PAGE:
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It should be emphasized that during the whole development phase, there was a low-level tuning of the kernels to match the HPC platform characteristics and memory sizes and in fact, the fitting of the data structures on the most suitable memories has been one of the key program features that has contributed to the high performance of the system. Despite the similarity of the two types of HPC nodes available in the CINECA-Marconi100 and ENI-HPC5, accelerated by the 4 NVIDIA GPUs, a custom tuning was needed to address the different file system structures and the different CPU architectures. In addition to the software optimization, the parameters for the pose search were also chosen to provide a balance between the quality of the solution and the docking throughput.

Drug Repurposing

One of the first major tests of the LiGen-enabled EXSCALATE platform was a drug repurposing experiment, i.e., a screening of existing drugs approved for different therapeutic conditions. In this experiment, a database containing 400,000 molecules consisting of so-called “safe-in-man” drugs (around 10,000) and natural products was screened against 3D structures of the viral 3CLPro protein, which were obtained from MD simulations (see below). From the docking results, it was possible to identify a small subset of molecule candidates that could be tested in the laboratory. An outcome of the laboratory was the identification of the osteoporosis drug raloxifene as a possibly active molecule against the SARS-CoV-2 virus. After approval by the EMA, the drug entered clinical trials for its use in COVID-19 patients [4].

4.4.3 The Big Run After only a few months of development and testing, the EXSCALATE platform was deemed ready for the first massive HTVS experiment, known within the project as the Big Run. Thus, in November 2020, HPC resources consisting of all the nodes of both the CINECA M100 and Eni HPC5 clusters, a combined theoretical performance of 81 PFLOPS, were allocated to execute a massive virtual screening, which, at the time of writing and to the best of our knowledge, has been the largest high-throughput docking event ever achieved [5]. In the course of 60 h, a chemical library of more than 70 billion ligands was docked against 15 binding sites of 12 viral SARS-CoV-2 proteins to achieve more than a trillion docking operations. The results of this run, amounting to about 65 TB of data (approximately 4.33 TB for each active site) are still being analyzed after more than one year from the end of the project. In fact, the large amount of data has necessitated the development of ad hoc parallel tools to help perform the post-processing and a completely new approach to identify the more interesting compounds from the initial huge size of the target library.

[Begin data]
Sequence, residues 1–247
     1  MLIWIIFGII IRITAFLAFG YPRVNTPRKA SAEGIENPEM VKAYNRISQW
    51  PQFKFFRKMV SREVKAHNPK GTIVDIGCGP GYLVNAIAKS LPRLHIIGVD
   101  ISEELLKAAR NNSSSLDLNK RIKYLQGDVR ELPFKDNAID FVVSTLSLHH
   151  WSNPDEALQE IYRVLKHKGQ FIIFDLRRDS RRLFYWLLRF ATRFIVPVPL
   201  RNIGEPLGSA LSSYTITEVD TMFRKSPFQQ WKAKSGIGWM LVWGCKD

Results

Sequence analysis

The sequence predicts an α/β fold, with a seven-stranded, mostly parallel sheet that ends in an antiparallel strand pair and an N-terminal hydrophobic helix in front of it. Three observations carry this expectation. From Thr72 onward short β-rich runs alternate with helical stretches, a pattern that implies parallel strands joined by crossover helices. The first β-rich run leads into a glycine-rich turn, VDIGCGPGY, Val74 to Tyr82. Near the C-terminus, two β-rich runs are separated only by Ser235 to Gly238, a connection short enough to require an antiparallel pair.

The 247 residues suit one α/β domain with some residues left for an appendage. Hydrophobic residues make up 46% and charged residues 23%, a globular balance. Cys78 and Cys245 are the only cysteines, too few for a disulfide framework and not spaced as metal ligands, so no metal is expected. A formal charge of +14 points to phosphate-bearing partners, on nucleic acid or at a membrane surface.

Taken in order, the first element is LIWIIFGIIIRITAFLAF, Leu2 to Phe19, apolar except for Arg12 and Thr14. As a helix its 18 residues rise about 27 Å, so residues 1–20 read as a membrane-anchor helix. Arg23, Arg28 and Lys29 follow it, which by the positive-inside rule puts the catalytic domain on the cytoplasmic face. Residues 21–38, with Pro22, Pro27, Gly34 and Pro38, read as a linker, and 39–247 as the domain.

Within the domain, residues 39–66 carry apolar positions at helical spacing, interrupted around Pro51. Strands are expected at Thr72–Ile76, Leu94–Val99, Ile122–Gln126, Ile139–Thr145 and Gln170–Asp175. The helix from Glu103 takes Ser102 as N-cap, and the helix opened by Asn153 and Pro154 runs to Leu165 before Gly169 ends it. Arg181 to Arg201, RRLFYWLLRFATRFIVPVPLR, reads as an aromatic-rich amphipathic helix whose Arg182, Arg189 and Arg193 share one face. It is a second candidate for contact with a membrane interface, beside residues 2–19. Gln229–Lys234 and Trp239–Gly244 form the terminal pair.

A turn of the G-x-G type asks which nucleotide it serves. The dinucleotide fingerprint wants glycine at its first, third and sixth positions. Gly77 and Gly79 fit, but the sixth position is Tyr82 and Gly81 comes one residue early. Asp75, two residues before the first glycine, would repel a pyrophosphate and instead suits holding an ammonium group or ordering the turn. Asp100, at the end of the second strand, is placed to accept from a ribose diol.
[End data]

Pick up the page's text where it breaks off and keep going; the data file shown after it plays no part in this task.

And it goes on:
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4.4.4 Molecular Dynamics

Software Optimization

For the MD simulations, we used the open-source GROMACS software [6] since this is very efficient, and one of the developers of the program, KTH, was also a partner of the project. Toward the beginning of 2020, the GROMACS 2020 version became available and was installed on the HPC infrastructure. This and subsequent versions have the advantage that almost all of the atomic interactions can be executed on the GPU, with only limited communications toward the CPU. After some tuning of the compile and runtime parameters on HPC5 and M100, it was possible to achieve a minimum of 100 ns/day performances for the COVID-19 proteins using only one compute node (the performance varies according to the size of the simulated system). The high single-node performance is very convenient because it avoids a time-consuming parallel scaling analysis to determine the optimum number of nodes to use and minimizes the wait time for batch resources in the shared computer systems. GROMACS 2020 was installed on both M100 and HPC5, and batch scripts in the SLURM (M100) and PBS (HPC5) job schedulers were prepared and optimized. To overcome the 24-h wall time limit present on both systems, UNIX bash scripts were designed to allow batch jobs to be pipelined in such a way that each job would only start when the previous one in the pipeline had finished.